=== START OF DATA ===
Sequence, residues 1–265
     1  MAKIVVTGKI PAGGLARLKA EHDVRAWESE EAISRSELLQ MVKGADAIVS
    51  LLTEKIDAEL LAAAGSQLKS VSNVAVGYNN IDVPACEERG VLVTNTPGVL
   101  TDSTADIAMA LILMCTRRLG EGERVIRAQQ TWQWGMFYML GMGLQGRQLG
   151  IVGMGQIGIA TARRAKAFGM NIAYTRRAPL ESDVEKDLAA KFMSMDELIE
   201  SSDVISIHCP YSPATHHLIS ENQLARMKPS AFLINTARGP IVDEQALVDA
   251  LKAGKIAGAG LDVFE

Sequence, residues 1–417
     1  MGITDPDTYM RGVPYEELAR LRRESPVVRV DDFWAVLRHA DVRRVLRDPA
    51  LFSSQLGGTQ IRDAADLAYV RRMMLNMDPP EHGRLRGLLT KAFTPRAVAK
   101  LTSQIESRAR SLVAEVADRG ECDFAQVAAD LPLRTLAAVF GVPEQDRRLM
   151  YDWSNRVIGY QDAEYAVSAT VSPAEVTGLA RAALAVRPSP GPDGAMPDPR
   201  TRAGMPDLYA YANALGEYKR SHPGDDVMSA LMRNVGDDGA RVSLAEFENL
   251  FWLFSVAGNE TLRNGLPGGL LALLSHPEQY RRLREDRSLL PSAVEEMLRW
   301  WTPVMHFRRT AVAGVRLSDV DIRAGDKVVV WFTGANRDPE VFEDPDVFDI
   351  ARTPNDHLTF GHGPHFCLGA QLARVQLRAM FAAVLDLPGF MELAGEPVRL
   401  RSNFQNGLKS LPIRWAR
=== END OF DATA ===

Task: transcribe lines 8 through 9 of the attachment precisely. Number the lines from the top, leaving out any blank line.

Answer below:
Sequence, residues 1–417
     1  MGITDPDTYM RGVPYEELAR LRRESPVVRV DDFWAVLRHA DVRRVLRDPA